I understand we all need to be profitable to survive. So adding an extra step and upfront expense may seem unnecessary or even impractical, especially for something that isn’t a state or federal requirement.
But we concluded early on that it was the right thing to do in order to employ the safest and highest integrity employees possible.
In our case, these employees are providing care to thousands of vulnerable memory-impaired individuals whom we are entrusted with every single day. Knowing care is being provided by high integrity people is extremely important to us.
We also know that any cost or time associated with it will be paid back tenfold by a reduction in claims (and related hard and soft costs). And we have the data to prove it.
Two years after making integrity screens part of the Silverado culture, we wanted to look at the effect on our risk data.
The University of Arizona ran an in-depth two-year independent study on our employees who took the integrity test and those who didn’t. This study specifically addressed workplace injuries (workers’ compensation claims) and focused on frequency and severity. The results showed even greater impact that we anticipated.
- Incidence of any claim being filed is nearly 3 times as strong among non-test takers.
- Incidence of a claim exceeding $5K is nearly 4 times as strong among those who never took the test.
- Incidence of a claim exceeding $20K is nearly 12 times as strong among those who never took the test.
- Internally we also found that hiring for Integrity positively affected our turnover rate as well as our professional liability frequency.
At Silverado we have found that higher integrity equals lower risk. By hiring for integrity we have successfully been able to mitigate risk from the initial hiring process and prevent many injuries (and associated costs) before they ever occur.
Compounding: Is it Coming of Age?
The WC managed care market has generally viewed the treatment method of Rx compounding through the lens of its negative impact to cost for treating chronic pain without examining fully the opportunity to utilize “best practice” prescription compounds to help combat the opioid epidemic this nation faces. IPS stands on the front lines of this opioid battle every day making a difference for its clients.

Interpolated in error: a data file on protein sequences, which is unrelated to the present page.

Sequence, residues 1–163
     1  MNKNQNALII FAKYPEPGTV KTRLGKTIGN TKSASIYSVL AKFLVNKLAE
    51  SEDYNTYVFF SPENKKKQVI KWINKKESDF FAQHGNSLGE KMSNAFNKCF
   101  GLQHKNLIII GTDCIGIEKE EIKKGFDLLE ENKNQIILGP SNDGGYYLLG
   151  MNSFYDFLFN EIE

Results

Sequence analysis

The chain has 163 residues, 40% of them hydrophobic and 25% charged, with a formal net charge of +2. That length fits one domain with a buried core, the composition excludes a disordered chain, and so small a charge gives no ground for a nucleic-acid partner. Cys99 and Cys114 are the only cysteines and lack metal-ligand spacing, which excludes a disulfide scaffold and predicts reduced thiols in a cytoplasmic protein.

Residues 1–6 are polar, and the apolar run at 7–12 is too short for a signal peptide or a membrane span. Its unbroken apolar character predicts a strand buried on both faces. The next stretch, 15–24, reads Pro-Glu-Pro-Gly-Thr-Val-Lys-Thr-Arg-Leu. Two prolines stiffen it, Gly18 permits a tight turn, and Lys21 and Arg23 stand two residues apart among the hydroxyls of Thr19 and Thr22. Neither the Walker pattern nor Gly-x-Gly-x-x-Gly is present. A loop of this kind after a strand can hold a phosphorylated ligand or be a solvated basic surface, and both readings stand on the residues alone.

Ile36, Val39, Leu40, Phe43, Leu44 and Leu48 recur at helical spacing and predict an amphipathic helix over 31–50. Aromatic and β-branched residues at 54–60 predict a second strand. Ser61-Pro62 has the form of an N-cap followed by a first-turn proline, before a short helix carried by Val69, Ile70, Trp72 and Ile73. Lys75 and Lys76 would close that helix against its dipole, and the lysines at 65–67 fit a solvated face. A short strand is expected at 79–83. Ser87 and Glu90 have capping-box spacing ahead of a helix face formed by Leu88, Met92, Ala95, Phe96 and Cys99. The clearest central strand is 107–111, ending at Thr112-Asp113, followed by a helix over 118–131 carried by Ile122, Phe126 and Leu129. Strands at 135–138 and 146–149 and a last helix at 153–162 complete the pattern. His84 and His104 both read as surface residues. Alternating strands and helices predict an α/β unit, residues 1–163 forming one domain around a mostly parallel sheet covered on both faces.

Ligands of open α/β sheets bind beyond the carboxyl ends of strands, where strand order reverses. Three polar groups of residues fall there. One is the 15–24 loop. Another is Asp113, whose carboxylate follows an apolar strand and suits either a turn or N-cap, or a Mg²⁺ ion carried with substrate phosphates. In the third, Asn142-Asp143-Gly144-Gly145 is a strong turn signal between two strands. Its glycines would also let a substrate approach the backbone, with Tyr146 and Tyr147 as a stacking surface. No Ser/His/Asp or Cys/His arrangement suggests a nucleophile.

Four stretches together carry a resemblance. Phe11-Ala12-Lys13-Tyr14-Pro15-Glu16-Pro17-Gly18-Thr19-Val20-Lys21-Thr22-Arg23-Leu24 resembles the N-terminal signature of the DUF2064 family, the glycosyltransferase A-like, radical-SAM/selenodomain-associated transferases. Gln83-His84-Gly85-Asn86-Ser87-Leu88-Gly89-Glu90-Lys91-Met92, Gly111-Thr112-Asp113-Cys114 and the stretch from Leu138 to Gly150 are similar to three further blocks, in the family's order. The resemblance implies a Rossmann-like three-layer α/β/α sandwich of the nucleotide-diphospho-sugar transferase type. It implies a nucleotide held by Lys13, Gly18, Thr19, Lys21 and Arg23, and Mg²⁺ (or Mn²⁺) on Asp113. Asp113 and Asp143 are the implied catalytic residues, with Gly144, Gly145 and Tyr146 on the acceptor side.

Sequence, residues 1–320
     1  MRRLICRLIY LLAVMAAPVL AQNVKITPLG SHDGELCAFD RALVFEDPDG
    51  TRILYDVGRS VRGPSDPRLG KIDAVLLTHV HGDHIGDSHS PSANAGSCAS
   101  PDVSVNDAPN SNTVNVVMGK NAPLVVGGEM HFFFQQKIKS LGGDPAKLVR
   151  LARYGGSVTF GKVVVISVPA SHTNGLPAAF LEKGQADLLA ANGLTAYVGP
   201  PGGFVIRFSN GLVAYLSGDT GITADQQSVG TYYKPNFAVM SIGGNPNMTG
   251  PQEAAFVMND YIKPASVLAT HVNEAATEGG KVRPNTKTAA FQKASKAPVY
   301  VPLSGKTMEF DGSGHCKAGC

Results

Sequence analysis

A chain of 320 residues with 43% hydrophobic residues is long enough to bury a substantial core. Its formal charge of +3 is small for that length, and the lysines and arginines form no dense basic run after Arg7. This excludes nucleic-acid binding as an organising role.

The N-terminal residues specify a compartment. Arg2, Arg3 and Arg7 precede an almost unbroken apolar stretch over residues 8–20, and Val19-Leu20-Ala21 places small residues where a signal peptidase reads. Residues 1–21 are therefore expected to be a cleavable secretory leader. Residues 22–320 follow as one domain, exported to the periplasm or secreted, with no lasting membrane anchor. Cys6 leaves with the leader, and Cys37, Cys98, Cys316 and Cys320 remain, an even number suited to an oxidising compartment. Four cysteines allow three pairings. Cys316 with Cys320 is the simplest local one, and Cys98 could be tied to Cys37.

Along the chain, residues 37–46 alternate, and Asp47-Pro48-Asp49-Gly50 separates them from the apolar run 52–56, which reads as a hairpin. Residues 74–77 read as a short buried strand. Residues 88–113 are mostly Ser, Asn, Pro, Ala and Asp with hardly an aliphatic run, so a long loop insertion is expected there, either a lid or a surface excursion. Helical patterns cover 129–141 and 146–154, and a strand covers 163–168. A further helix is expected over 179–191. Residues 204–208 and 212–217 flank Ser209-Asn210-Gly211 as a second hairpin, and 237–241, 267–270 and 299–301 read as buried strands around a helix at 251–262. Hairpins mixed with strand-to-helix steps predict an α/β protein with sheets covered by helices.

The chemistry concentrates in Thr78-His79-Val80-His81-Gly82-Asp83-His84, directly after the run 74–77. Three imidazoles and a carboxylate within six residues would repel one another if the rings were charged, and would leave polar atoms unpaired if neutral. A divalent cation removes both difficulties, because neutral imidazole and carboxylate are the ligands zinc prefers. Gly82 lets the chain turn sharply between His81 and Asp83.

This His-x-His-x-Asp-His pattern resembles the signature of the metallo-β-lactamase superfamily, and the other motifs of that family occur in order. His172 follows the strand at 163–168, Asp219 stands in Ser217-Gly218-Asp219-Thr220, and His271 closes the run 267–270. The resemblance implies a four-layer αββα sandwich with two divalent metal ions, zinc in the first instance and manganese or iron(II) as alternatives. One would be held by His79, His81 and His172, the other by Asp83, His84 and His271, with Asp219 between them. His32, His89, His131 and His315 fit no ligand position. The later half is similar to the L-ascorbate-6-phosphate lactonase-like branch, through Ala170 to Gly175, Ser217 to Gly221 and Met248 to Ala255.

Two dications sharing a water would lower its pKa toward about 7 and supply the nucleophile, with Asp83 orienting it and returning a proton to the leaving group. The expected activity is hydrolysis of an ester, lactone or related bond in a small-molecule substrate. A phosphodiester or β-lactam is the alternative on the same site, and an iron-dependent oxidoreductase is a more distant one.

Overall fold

After a shaky start cost-wise, prescription drug compounding is turning the corner in managing chronic pain without the risk of opioid addiction. A push from forward-thinking states and workers’ compensation PBMs who have the networks and resources to manage it is helping, too.
Prescription drug compounding has been around for more than a decade, but after a rocky start (primarily in terms of cost), compounding is finally coming into its own as an effective chronic pain management strategy – and a worthy alternative for costly and dangerous opioids – in workers’ compensation.
According to Greg Todd, CEO and founder of Integrated Prescription Solutions Inc. (IPS), a Costa Mesa, Calif.-based pharmacy benefit manager (PBM) for the workers’ compensation and disability market, one reason compounding is beginning to hit its stride is because some states have enacted laws to manage it more effectively. Another is PBMs like IPS have stepped up and are now managing compound drugs in a much more proactive manner from an oversight perspective.
By definition, compounding is a practice through which a licensed pharmacist or physician (or, in the case of an outsourcing facility, a person under the supervision of a licensed pharmacist) combines, mixes, or alters ingredients of a drug to create a medication tailored to the needs of an individual patient.
During that decade, Todd explains, opioids have filled the chronic pain management needs gap, bringing with them an enormous amount of problems as the ensuing addiction epidemic sweeping the nation resulted in the proliferation and over-consumption of opioids – at a staggering cost to both the bottom line and society at large.